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Bipolar Symptoms in Children: Signs of Bipolar Disorder and Responding to Bipolar Behavior

Parents are often terrified by the notion their child suffers from bipolar disorder and information can be difficult to find.  Bipolar disorder is a chronic brain disorder.

Bipolar Symptoms in Children

Signs of bipolar disorder may include bouts of extreme and impairing changes in mood, energy, thinking, and behavior. According to research, cases of bipolar disorder have been found in every age group studied, including preschoolers.

Recognizing Signs of Bipolar Disorder

In order to understand the behavior of children diagnosed with pediatric-onset bipolar disorder, it is important to understand stress and mood and how it manifests in signs of bipolar behavior. In response to a stimulus, our body secretes hormones activating the stress response that signals us to feel (happy, sad, afraid, surprised, angry) and behave (smile, cry, run away, jump, fight). Once the stimulus has passed or changed, our body can usually return to a state of rest. Bipolar symptoms in children may be recognized when they have difficulty returning their body to this state of rest after exposure to stimulus, and as a result often suffer from debilitating distress.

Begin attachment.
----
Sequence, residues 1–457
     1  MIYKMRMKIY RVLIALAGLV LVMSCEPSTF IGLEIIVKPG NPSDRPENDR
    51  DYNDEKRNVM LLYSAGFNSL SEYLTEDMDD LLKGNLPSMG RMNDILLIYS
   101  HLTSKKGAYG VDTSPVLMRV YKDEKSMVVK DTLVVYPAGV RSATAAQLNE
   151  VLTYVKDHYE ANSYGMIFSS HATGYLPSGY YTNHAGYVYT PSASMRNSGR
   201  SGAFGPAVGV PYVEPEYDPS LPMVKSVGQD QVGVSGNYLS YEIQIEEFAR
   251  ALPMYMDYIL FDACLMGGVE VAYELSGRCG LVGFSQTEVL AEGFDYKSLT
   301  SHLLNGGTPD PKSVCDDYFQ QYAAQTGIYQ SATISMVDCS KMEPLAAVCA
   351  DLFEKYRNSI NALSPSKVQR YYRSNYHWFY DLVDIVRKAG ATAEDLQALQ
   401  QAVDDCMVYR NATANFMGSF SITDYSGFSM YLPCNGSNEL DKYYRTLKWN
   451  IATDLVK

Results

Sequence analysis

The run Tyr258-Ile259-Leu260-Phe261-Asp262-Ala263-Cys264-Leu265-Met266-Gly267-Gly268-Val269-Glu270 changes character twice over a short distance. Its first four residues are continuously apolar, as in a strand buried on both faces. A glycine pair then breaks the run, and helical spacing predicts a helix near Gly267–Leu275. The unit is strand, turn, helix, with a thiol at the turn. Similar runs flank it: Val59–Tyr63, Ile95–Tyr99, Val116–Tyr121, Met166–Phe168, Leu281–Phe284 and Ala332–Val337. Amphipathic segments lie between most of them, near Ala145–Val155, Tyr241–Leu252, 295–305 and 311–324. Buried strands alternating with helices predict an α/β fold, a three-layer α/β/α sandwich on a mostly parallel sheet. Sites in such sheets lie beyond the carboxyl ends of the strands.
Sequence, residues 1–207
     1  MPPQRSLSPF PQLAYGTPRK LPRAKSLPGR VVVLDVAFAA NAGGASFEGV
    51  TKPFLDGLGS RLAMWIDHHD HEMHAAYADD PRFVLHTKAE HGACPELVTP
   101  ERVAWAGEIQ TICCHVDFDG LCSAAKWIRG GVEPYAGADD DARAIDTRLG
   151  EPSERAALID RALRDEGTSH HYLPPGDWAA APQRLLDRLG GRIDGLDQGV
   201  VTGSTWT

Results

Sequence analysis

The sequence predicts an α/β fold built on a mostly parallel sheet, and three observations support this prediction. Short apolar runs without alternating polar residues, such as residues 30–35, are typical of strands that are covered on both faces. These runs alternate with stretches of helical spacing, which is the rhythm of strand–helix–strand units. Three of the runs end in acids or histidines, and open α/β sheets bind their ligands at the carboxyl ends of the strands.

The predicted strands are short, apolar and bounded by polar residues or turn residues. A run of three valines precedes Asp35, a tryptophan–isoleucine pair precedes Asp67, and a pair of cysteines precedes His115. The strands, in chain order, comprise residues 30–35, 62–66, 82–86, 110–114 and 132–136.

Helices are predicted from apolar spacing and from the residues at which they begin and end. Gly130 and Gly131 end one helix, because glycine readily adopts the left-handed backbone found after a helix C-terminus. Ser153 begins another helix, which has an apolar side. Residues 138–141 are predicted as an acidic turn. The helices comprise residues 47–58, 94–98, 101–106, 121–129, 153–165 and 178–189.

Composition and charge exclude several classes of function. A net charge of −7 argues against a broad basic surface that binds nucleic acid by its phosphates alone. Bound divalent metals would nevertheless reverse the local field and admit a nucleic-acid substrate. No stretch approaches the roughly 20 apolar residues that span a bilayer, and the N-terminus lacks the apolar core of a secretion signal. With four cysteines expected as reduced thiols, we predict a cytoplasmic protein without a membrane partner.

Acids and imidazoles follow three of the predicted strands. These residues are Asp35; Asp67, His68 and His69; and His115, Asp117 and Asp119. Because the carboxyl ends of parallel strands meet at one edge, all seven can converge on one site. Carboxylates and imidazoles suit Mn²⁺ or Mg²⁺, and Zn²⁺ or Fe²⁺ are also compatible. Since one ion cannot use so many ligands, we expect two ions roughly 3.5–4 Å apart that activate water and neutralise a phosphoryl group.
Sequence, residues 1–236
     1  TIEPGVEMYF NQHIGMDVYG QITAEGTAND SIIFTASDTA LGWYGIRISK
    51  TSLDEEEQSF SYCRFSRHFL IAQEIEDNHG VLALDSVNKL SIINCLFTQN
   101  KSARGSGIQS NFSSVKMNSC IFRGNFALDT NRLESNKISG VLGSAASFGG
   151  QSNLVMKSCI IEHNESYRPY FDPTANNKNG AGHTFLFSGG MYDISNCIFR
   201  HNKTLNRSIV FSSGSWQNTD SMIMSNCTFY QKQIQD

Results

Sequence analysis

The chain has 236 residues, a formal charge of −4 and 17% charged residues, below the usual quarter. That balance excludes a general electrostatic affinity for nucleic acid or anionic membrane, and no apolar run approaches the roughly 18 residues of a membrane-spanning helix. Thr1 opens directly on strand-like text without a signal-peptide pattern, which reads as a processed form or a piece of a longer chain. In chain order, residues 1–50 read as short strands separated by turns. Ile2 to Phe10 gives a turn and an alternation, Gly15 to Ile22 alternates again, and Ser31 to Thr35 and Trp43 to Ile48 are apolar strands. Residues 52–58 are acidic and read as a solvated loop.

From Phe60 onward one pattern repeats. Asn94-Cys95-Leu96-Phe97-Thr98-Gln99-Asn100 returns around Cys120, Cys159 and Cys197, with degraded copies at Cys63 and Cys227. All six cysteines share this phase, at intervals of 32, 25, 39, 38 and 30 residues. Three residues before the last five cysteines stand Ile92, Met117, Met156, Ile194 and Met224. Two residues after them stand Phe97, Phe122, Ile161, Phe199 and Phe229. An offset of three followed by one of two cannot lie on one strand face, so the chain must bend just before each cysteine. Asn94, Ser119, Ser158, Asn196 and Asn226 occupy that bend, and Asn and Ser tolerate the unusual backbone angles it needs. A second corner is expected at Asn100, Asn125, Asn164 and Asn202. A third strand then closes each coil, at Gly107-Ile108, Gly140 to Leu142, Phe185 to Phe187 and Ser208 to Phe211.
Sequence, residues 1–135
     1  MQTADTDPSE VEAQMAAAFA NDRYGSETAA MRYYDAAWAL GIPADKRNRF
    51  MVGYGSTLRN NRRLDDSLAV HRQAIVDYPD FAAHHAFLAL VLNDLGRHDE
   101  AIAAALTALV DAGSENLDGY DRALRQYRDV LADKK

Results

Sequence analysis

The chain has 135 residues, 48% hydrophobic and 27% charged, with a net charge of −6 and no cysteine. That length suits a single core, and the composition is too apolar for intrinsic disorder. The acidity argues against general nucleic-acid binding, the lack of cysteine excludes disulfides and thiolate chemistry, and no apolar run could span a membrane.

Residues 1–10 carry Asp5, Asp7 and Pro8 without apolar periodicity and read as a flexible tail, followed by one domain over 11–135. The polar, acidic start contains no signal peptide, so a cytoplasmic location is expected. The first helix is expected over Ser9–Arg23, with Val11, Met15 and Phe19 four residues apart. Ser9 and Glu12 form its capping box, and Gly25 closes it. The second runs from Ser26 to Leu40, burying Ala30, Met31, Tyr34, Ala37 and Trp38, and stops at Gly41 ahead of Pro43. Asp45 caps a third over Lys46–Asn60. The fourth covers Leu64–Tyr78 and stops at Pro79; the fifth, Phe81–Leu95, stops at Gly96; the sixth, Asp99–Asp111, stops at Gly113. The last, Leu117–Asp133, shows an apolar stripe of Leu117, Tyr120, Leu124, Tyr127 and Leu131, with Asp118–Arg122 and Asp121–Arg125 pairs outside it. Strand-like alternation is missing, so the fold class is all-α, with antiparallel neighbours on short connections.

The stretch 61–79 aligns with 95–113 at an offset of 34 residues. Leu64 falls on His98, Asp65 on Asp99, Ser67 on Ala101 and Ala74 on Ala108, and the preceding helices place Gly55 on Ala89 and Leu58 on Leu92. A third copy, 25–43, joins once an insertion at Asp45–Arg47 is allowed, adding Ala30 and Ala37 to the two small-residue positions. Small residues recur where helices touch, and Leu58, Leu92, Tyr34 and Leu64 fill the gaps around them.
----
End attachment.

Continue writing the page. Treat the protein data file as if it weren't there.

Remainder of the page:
Responding to Bipolar Behavior

Parenting a child with bipolar disorder involves understanding and accommodating this state of distress. Of all bipolar symptoms in children, this needs to be the primary issue gauged by the parent. Here are some common parenting issues and suggested responses:

  1. You worry that you are not ‘parenting right.’
    Instead, remember that although parenting skills can have a protective effect on a child with bipolar behavior, there is no cure for bipolar disorder.
  2. You feel your own temper rising.
    Avoid emotional responses that escalate the situation. With younger children, learn ‘safe but firm’ restraints to avoid injury.
  3. You respond critically to your child for things out of her control: “This wouldn’t have happened if you had only stopped to think!”
    Don’t punish biology. Take time away from your child and develop natural logical consequences for actions committed as a result of bipolar behavior. Enforce them consistently.
  4. You try to do it alone.
    Bipolar symptoms in children is challenging for the best parents. Ask for help.

Resources: The Child and Adolescent Bipolar Foundation at www.bpkids.org, and http://www.bipolarchild.com

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